Hundreds Come Out To Pay Respects For State Sen. Thomas Morahan

The line was out the door at Higgins Funeral Home in New City with people looking to remember the longtime political leader.

Madeline Buckley's most prominent memory of state Sen. Thomas Morahan, who died earlier this week after a six-month battle with leukemia, doesn't have anything to do with Morahan's time in politics.

For Buckley, who was friends with and went to St. Augustine's in New City with Morahan's daughter, Margaret, it comes from his ability to keep his cool in situations that might stress out others.

"I remember we splashed spaghetti sauce all over his walls, his newly painted walls," she said, laughing. "He was really calm about it and didn't seem mad at all. He was very tolerant."

Buckley was one of countless people to pay their respects Thursday during the calling hours for Morahan at Higgins Funeral Home on South Main Street in New City. The line to get in went not only out of the building, but stretched down the side of the funeral home.

Mourning continues at the funeral home today from 2 to 4 and 7 t0 9 p.m. and the funeral is set for Saturday at 10 a.m. at St. Augustine's Church in New City, followed by a burial in St. Anthony's Cemetery in Nanuet.

Outside of the one food flinging incident, Buckley's memories of Morahan fall in line with mostly everyone else's.

"He was just a kind man," she said. "He always asked about how my family was doing, and even came to their services when they passed away. He didn't have to do that. He didn't know them too well. But that's just the kind of man he was."

Pat and Tom Shine, of Orangeburg, also reminisced about Morahan's kindness, as well as attentiveness.

"If you asked him something, he'd stand and listen to what you had to say," Tom said. "Even if he didn't agree, he would let you make your point."

The Shines' nephew, Michael, married Nancy, one of Morahan's seven daughters. The Shines were happy to have him in the family, even if they came from separate sides of the political aisle.

"Even though we're Democrats, we voted for him, and when Michael and Nancy asked, we were happy to put his signs on our lawn," Pat said. "He was a great man and did a lot for Rockland."

One group in Rockland that Morahan did a lot for was non-profit organizations. One such organization was the Volunteer Counseling Services of Rockland, a group formed in the 1970s to "provide hope and promote social justice for individuals, families and communities through counseling and community change," according to it's website.

"He really did a lot for the VCS and helped us out when we were in need of it," said VCS Executive Director Deborah Cary Murnion.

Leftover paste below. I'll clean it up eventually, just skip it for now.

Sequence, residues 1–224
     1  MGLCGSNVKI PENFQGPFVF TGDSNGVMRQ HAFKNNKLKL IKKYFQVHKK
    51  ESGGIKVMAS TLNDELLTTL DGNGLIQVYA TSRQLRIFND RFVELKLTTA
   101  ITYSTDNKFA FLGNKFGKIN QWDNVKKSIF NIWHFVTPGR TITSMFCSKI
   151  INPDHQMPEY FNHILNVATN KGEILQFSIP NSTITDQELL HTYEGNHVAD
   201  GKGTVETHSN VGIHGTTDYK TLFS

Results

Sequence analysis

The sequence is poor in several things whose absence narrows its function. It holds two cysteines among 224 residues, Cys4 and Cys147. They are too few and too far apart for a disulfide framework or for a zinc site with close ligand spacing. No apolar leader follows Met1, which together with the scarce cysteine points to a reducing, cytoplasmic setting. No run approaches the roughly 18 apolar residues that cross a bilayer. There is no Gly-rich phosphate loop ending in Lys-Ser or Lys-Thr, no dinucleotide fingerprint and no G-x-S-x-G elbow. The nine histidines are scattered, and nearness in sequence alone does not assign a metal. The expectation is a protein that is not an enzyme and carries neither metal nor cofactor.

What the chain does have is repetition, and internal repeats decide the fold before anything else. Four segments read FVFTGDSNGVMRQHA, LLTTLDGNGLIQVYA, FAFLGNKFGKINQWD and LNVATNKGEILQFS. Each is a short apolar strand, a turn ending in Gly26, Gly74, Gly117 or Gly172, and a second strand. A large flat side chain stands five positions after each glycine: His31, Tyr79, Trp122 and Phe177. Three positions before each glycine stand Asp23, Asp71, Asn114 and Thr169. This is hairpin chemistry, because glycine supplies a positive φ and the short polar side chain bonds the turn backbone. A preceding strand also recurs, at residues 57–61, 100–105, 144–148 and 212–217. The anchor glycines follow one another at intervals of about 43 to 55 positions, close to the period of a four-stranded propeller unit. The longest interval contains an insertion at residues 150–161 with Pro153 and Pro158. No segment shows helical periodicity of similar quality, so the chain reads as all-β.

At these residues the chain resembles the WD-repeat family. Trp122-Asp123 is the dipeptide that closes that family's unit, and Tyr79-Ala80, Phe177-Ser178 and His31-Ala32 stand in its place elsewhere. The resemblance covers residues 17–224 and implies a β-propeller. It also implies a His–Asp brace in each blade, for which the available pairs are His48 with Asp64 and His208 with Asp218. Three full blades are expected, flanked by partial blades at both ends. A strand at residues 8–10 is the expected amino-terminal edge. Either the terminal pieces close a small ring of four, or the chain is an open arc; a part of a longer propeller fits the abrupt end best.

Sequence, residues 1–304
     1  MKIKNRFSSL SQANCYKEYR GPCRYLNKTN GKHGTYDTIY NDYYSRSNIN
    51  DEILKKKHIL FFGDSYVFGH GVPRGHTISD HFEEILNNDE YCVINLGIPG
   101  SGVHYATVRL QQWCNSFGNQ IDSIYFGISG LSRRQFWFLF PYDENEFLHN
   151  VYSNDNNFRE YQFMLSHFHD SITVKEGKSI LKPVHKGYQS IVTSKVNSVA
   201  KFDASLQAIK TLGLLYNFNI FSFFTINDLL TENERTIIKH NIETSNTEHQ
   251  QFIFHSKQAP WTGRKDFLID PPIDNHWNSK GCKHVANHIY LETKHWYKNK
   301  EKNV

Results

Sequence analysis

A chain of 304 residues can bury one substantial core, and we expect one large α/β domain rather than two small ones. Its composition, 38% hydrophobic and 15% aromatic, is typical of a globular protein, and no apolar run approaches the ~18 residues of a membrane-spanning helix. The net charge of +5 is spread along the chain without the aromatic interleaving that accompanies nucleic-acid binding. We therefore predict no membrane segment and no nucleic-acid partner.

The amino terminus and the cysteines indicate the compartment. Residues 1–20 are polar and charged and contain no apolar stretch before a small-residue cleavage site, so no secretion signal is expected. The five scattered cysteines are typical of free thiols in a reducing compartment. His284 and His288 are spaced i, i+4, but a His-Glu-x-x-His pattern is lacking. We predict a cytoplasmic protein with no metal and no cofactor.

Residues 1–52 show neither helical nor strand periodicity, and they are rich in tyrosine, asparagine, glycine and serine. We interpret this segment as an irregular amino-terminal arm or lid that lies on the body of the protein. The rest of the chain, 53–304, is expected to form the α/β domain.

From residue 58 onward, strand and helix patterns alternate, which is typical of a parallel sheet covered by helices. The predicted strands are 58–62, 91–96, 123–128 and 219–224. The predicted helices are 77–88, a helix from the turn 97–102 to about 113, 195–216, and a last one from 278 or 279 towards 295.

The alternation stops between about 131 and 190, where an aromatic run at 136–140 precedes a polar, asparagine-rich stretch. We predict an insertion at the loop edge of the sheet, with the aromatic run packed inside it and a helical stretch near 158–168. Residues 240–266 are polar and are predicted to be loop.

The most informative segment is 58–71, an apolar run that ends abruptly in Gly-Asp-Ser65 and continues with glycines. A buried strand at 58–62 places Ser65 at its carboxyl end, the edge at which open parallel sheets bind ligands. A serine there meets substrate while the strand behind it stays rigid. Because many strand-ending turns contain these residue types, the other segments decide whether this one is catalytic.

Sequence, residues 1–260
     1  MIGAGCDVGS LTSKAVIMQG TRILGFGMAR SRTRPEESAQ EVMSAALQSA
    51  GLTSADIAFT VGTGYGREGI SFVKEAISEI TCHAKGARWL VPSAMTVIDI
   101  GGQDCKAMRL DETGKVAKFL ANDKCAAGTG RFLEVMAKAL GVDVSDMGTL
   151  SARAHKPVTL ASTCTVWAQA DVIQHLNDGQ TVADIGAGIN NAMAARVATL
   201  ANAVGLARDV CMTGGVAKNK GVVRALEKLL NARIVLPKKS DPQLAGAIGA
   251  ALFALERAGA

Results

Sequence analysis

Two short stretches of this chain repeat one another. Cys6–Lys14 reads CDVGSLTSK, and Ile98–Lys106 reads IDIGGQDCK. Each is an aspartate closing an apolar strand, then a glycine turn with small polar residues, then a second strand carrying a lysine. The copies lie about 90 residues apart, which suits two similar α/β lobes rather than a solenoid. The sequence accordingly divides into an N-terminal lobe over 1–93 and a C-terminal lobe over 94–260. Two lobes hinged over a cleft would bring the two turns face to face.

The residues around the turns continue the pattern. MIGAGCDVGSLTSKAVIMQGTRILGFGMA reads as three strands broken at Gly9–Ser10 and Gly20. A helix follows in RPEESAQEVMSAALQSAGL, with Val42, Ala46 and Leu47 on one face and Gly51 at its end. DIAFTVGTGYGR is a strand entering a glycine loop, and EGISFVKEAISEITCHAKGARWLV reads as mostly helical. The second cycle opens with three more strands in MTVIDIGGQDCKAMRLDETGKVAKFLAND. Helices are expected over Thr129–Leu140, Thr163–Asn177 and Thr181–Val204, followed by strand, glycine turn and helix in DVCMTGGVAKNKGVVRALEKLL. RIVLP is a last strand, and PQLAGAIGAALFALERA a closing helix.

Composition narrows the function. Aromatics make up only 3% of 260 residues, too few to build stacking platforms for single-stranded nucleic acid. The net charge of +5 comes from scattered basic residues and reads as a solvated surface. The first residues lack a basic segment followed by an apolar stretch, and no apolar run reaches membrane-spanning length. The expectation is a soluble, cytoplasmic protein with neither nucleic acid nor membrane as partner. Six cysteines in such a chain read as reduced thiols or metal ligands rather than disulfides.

Morahan, along with some of his fellow elected officials, helped secure public funds for the renovation of the VCS building on South Main Street in New City. The renovations were made to the third floor back in 2006 after four years of planning, fund raising and construction. In renovating, the building got three new counseling rooms, a training room, additional office space and the entire building was made handicapped accessible.

"He really loved his family, and I think that's why he was great with non-profits," Murnion said. "He was just a caring man."

Another of the organizations Morahan helped out was the Rockland Community College Foundation, which seeks out donations from alumni and people in the community to improve the experience at RCC and set up scholarships. Morahan helped secure a grant for the RCC Foundation to set up a communications and marketing campaign.

Working with the RCC Foundation is just one of the places Lenore Buonocore knew Morahan from, where she is a past chair of the board of directors. She also knew him from his work with People to People.

"He was very dedicated to the people of Rockland," she said. "If there was an event around the county, he'd be there. He made his presence felt."

The last place Buonocore saw Morahan was at the opening of the Theresa Morahan Simmons Center for Children and Families at Rockland Community College, named for Morahan's youngest daughter, a first grade teacher at Richard P. Connor Elementary School in Suffern, who died in 2004 after complications from surgery.

"It just broke your heart to see how much he missed his daughter, even though they were honoring her," Buonocore said. "He couldn't even get up to speak because it was just too much for him."

It was partly that kind of passion from Morahan that led so many people to come out to pay their respects to him. And it wasn't just people who had professional or personal relationships with Morahan that came out. Plenty of people said they didn't really know Morahan at all, but wanted to come out to show their support for a man who had done so much for Rockland.

One such person was New City's Ray Botto, who was a fellow parishioner at St. Augustine's Church with Morahan, but didn't really know him too well.

"He was just a likeable guy," Botto said. "I admired the way he carried himself both as a legislator and as a person. I think you can tell I'm not the only one just by the number of people who came out pay their respects."

Morahan represented Rockland and parts of Orange County in the state Senate for the past decade. Previously, he was a member of the Rockland County Legislature and had served in the state Assembly.

At native of the Bronx and an Army veteran, Morahan worked for many years at New York Telephone and then Orange and Rockland Utilities. He had decided earlier this year not to seek re-election so he could focus on his work in the Senate and in fighting his illness.

Morahan was 78 years 0ld.


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